Connecticut District Court and Bankruptcy Court Differ on Extent to Which the Automatic Stay Automatically Terminates Upon Second Bankruptcy Filing

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Under §362(c)(3)(A), when a debtor files a second bankruptcy case within one year after the first case, the automatic stay in the second case will automatically terminate “with respect to the debtor” on the 30th day of the case unless, within that 30 day period, the debtor files a motion to extend the stay and the bankruptcy court grants it.  The District Court ruled this past April in Chekroun v. Weil (Weil), No. 3:12-cv-462 (D.Conn. April 29, 2013) that §362(c)(3)(A) terminates just with respect to the debtor, but not with respect to property that remains property of the estate.  Thus, under this decision, acts against property that has not been abandoned by the estate as of the 30th day of the case will remain subject to the automatic stay notwithstanding §362(c)(3)(A).

In Weil, the debtor filed a motion to extend the stay after a second bankruptcy case was filed in order to stay the completion of a foreclosure action against certain of his real property.  However, the Bankruptcy Court (Shiff, J.) did not hold a hearing on the motion until months later, at which time it was granted.

The secured creditor appealed on the ground that by the time the hearing was held, the stay had already expired by operation of § 362(c)(3)(A).  Although the district court agreed that the stay terminated, it was pyrrhic victory for the secured creditor because the court read § 362(c)(3)(A) literally to provide that the stay terminates just “with respect to the debtor,” not with respect to property that remains property of the estate.  Because the secured creditor’s mortgage foreclosure action pertained to property that was still property of the estate, the court held that the automatic stay of acts against that property, specifically the property against which the secured creditor held a mortgage, did not automatically terminate under § 362(c)(3)(A).  Under these circumstances, it described the bankruptcy court’s untimely order extending the stay as “ineffective,” but then explained that “as a practical matter, . . . [it was] also largely unnecessary and legally harmless.”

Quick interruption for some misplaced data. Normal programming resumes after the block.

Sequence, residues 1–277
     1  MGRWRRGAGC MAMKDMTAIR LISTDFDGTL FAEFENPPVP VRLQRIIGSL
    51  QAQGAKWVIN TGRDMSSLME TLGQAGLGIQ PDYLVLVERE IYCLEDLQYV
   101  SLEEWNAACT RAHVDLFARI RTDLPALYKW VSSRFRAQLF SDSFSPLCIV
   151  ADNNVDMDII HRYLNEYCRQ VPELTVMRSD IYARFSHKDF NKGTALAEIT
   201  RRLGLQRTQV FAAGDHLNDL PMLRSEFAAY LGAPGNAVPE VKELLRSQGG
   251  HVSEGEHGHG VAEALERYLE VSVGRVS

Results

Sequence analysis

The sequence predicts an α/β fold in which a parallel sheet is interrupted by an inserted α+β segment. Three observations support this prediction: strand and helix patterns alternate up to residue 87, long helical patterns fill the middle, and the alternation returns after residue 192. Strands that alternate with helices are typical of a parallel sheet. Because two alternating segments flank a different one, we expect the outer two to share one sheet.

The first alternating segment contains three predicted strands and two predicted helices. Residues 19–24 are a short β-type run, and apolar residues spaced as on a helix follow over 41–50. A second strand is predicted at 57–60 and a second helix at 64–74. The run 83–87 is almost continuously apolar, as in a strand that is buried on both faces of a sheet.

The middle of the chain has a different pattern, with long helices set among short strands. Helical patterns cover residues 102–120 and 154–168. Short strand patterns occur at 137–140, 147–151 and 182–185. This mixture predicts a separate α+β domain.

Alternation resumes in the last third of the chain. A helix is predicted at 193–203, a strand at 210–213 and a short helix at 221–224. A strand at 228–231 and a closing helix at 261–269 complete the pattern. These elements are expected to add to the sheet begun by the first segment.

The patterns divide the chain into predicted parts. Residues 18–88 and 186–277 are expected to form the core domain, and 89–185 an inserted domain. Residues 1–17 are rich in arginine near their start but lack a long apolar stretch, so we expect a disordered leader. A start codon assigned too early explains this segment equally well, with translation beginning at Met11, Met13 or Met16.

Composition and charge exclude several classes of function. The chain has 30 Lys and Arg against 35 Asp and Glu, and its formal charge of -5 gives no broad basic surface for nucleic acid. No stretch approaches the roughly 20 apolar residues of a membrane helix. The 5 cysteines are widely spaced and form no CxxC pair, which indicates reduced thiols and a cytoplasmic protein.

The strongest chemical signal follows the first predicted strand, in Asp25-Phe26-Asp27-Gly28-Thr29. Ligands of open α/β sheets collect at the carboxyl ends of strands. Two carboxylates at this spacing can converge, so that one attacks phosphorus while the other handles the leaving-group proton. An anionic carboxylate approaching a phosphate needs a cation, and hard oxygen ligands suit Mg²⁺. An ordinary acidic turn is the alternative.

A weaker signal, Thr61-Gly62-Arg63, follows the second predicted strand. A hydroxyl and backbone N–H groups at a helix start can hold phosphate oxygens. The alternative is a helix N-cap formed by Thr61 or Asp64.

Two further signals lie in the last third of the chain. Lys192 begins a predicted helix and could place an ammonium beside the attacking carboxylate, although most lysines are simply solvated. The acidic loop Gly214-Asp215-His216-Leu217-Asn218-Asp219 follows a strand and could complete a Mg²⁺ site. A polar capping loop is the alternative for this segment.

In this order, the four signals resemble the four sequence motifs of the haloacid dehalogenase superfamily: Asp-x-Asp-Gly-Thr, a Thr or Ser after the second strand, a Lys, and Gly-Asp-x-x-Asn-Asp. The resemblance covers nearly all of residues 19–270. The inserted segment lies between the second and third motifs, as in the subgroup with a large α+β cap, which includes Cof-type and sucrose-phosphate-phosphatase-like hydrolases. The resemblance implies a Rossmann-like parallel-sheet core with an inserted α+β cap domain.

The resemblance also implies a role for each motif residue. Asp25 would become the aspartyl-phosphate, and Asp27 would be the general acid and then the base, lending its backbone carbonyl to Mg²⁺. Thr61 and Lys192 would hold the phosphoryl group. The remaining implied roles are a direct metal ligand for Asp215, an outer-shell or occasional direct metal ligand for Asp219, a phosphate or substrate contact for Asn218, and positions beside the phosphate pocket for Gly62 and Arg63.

The district court’s reading of § 362(c)(3)(A) essentially renders the limited 30-day stay meaningless for all secured creditors since, as a practical matter, their collateral will remain property of the estate until abandoned, which is not likely to occur until well after the 30-day period expires.

In the recent decision of In re Wilson 2014 WL 183210 (Bankr. D. Conn. Jan. 15, 2014), the Bankruptcy Court (Dabrowski, J.) disagreed with the holding in Weil and instead concurred in and adopted the reasoning of the 9th Circuit Bankruptcy Appellate Panel in In re Resnick, 446 B.R. 362 (9th Cir. BAP 2011), which found that §362(c)(3)(A) terminated the automatic stay in its entirety on the 30th day after the petition date unless the stay was extended by the bankruptcy court within the 30-day period.

In Wilson, the debtor had filed three previous bankruptcy proceedings in order to stay foreclosure proceedings against his real property.  A fourth case was filed on May 16, 2013 and on May 22, the debtor filed a motion to extend the stay which was denied on June 13, 2013.

Nevertheless, the secured creditor filed a motion for relief from stay in response to the debtor’s assertion that, as a result of the Weil decision, 362(c)(3)(A) terminated the automatic stay only with respect to the debtor and not with respect to property of the estate.  Relying on the Resnick decision, the bankruptcy court concluded that in light of the denial of the debtor’s motion to extend it, the automatic stay terminated in its entirety on June 15, 2013 by operation of §362(c)(3)(A).  In accordance with this determination, the bankruptcy court found that the motion for relief from stay was unnecessary, as the secured creditor had been, since June 15, 2013, free to commence, continue and prosecute to judgment the pending foreclosure action.In rendering his decision, the bankruptcy court acknowledged that the majority of the courts to address this issue conclude that §362(c)(3)(A) terminates the automatic stay only with respect to the debtor and not with respect to the property that remains property of the estate.  The decision is a clear victory for secured creditors who will now have a greater chance of not being held hostage in the bankruptcies of serial filers.

An interesting side issue that went unmentioned in Wilson is whether the bankruptcy court, as a unit of the district court, was bound to follow Judge Underhill’s decision in Weil  even though the bankruptcy court disagreed with it.  Although there is a split of authority nationally as to whether the decision of a single district court judge in a multi-judge district is binding on a bankruptcy court in the same district, Judge Dabrowski has ruled on two previous occasions that the bankruptcy court is not so bound.  See In re Koper, 284 B.R. 747, 755 (Bankr. D. Conn. 2002); In re Carrozella & Richardson, 255 B.R. 267, 272 (Bankr. D. Conn. 2000).

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